The Competition Commission has reversed its stance that Sky Movies holds an unfair advantage in the pay TV movie space, as a result of the emergence of online players Lovefilm and Netflix
The new position goes against its initial findings, published in August last year, which found rival pay TV movie providers were struggling to break into the market due to Sky’s dominant position. In March, it indicated it was extending its findings to include emerging VoD services.
The Commission’s new findings, published today, noted Lovefilm and Netflix had acquired first subscription pay TV window (FSPTW) rights from several studios, and that the growth of competitively priced multiplatform movie services would continue this trend.
Laura Carstensen, chairman of the movies on pay TV market investigation, said that as the market had developed consumers now had much greater choice.
“Lovefilm and Netflix offer services which are attractive to many consumers and they appear sufficiently well resourced to be in a position to improve the range and quality of their content further,” she said.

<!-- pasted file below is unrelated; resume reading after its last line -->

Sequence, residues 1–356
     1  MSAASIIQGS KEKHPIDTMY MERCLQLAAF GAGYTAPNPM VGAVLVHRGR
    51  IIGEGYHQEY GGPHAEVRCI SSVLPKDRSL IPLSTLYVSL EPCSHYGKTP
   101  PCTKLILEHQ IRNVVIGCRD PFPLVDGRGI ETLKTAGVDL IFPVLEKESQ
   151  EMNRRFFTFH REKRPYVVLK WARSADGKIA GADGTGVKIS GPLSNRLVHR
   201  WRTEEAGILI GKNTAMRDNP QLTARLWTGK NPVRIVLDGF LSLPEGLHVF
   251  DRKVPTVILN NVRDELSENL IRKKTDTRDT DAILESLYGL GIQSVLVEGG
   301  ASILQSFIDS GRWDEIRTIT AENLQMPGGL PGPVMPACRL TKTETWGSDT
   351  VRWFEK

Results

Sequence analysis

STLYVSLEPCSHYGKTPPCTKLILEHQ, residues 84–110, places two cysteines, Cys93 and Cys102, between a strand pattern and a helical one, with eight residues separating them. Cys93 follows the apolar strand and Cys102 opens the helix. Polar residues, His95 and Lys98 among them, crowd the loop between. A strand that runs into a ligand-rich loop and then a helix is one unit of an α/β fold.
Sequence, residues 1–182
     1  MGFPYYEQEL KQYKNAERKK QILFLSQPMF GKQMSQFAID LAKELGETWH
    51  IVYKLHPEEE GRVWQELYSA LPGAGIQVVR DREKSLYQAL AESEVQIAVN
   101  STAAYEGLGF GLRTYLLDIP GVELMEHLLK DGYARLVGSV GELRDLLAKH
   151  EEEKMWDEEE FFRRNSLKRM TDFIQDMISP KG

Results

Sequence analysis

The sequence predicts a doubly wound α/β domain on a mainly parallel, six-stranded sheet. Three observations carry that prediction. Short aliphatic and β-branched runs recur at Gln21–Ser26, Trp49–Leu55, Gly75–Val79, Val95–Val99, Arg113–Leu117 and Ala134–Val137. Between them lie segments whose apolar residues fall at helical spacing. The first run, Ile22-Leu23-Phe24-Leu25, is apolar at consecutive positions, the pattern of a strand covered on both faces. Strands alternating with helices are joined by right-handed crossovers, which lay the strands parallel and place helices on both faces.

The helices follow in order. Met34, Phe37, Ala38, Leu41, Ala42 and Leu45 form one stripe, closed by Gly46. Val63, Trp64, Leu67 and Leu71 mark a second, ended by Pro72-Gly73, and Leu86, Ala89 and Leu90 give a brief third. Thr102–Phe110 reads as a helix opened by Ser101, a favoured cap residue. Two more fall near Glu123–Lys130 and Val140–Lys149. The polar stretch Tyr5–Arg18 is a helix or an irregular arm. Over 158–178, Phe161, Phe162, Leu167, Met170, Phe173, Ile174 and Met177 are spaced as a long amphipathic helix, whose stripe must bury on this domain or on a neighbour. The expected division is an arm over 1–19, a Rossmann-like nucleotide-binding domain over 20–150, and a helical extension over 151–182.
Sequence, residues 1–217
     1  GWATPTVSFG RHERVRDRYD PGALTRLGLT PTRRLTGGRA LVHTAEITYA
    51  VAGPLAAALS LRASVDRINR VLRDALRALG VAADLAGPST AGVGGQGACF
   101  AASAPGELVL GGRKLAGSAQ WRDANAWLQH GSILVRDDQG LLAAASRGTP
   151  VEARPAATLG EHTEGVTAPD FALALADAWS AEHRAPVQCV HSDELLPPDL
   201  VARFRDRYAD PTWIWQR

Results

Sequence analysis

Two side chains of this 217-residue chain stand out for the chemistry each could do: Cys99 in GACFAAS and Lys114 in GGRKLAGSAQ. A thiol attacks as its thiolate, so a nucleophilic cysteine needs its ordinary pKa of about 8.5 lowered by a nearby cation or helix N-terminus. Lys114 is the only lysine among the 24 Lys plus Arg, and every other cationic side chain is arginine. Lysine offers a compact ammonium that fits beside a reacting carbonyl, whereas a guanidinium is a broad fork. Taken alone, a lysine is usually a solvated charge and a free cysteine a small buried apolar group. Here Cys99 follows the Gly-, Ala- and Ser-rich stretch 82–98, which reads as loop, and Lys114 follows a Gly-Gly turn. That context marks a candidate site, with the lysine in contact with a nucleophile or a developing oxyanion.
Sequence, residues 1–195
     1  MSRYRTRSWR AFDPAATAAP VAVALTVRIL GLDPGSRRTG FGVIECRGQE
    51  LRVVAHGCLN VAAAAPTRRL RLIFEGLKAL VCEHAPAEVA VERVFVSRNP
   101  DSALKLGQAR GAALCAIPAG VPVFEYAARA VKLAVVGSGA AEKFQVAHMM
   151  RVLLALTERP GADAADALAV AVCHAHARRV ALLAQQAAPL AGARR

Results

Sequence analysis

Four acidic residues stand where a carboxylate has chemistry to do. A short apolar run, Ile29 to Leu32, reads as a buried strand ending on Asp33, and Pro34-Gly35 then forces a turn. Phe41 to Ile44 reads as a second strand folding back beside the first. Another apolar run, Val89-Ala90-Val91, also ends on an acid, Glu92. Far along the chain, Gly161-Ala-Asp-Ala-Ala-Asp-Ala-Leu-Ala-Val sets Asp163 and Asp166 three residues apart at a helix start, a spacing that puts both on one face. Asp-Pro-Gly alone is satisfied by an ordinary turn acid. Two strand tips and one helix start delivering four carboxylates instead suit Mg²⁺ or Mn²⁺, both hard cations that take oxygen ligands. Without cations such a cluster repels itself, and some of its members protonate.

Carstensen said there continued to be issues within the market, but were outside of the Competition Commission’s remit to investigate.
“We still believe that competition in the pay-TV retail market overall is ineffective. However, the scope of our investigation is limited by the terms of the reference to us to the impact of FSPTW movies and, in our view, Sky’s position with respect to FSPTW movies does not provide Sky with a material advantage over its rivals in the pay-TV retail market.”
The revised provisional findings, which recommend no action, are now open to further submissions until 13 June.
Virgin Media has “strongly disputed” the provisional findings, claiming competition remains hampered.
“Sky’s control of movie rights is restricting competition in the UK, leading to higher prices, reduced choice and less innovation,” said a spokesperson.
“The recent emergence of providers, such as Lovefilm and Netflix, has done nothing to impact Sky’s advantage and we’re currently working to better understand the reasons for the Commission’s decision as we consider next steps.”
First published in Broadcast